—On the military side, we have recently approved the use of FY 1977 FMS funds for the purchase of a stock of M–16 ammunition as well as for tents, medicines, C–rations and other basic supplies.8 In FY 1978, as you know we are working together to come up with the right equipment to fit into your military reform plans. And in this regard we have discussed further military needs with the Belgians and the French. We seem to be in agreement on your needs and on the question of the relative supply role of each of us. We have eliminated, as you [Page 270] know, certain items such as tanks, but these do not seem to us to be the kind of equipment you need in a Shaba-type situation. Other elements of our initial package will be continued, however and our two governments are working out the details.

—We are certainly not embarrassed over the good relations our two countries have enjoyed over the years.

—Our relations have been forged from mutual respect and mutual confidence—and these are the bases from which our relations will proceed in the future.

—Umba thanked the Secretary and in his closing minutes tried to point out that while Zaire’s critics always emphasized corruption, it was fair to say that no country was free from corruption. So too for the criticism aimed at Zaire’s inefficient administration. Zaire is a young and developing country. President Mobutu is determined to push through his political and economic reforms—but “we need encouragement.”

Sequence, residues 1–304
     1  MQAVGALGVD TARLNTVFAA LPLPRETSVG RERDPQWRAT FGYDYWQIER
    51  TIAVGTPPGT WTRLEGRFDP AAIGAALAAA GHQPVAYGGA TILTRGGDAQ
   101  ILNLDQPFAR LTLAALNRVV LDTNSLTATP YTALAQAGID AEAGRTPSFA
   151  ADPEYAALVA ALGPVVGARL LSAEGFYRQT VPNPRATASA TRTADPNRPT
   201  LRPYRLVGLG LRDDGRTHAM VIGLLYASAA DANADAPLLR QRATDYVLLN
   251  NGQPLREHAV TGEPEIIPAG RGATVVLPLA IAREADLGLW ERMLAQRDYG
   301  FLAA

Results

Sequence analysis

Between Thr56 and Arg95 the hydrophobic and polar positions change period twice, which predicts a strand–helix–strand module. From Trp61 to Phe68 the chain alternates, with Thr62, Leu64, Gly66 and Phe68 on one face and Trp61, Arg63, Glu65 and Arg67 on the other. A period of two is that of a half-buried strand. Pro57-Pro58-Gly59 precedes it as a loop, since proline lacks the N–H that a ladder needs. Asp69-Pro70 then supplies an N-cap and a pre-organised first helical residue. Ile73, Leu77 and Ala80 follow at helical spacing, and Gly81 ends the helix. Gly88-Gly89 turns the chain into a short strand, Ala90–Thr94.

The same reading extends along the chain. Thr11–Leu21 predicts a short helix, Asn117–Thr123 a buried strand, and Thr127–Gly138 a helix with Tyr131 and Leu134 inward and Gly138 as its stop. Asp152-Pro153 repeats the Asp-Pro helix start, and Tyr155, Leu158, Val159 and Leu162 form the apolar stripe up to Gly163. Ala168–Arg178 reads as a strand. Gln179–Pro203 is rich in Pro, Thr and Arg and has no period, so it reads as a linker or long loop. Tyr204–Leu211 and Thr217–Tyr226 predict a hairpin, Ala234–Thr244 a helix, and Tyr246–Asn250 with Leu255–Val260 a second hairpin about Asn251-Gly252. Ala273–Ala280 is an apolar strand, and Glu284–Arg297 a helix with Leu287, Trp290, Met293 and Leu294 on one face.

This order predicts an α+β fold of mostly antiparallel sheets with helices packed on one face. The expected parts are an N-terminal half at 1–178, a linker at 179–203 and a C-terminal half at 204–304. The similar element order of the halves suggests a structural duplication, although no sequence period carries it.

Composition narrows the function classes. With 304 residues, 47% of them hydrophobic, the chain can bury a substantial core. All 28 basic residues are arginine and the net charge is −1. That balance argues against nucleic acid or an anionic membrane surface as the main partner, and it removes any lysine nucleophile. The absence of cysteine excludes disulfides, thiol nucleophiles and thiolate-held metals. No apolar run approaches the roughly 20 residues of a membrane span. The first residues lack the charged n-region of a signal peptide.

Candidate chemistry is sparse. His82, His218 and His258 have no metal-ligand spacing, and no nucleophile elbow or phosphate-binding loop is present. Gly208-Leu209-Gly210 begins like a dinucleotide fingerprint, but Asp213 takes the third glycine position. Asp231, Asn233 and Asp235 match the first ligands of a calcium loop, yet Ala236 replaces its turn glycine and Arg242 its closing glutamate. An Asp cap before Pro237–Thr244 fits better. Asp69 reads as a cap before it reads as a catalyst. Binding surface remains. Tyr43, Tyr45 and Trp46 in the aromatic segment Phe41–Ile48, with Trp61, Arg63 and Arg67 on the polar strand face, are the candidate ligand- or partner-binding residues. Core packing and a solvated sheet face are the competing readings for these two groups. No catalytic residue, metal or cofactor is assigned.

—The Secretary did not respond directly to this last point and the meeting which had run well over the allotted time terminated amid expression of courtesy from both participants.

  1. Source: National Archives, RG 59, Central Foreign Policy File, D770379–1108. Confidential. Drafted by Kates; cleared by Wisner and Harrop; approved by Walker.
  2. Not found.
  3. See Document 90.
  4. See Document 89.
  5. In telegram 194775 to Kinshasa, August 16, the Department summarized Moose’s August 15 meeting with the departing Zairian Ambassador. Moose pointed out that a “speedy and fair trial of Nguza would be best indication that Mobutu intends to fully implement reforms, especially in the area of human rights.” (National Archives, RG 59, Central Foreign Policy File, D770296–0060)
  6. In telegram 8574 from Kinshasa, September 8, the Embassy reported that Mobutu and Obasanjo had signed a joint communiqué that endorsed the Anglo-American plan for Rhodesia. (National Archives, RG 59, Central Foreign Policy File, D770325–0324)
  7. In telegram 1745 from Kinshasa, March 1, the Embassy reported on Cutler’s telephone conversation with Mobutu, which described Zaire’s démarche to Amin on behalf of Americans in Uganda, and Amin’s response to Mobutu. (National Archives, RG 59, Central Foreign Policy File, D770069–1149)
  8. In telegram 223964 to Kinshasa, September 17, the Department transmitted a message from Vance to Mobutu informing Mobutu of approval of the Zairian request to use FY 1977 FMS credits to purchase M–16 ammunition and other supplies, “recognizing your special needs at this time.” (National Archives, RG 29, Central Foreign Policy File, D770338–1240)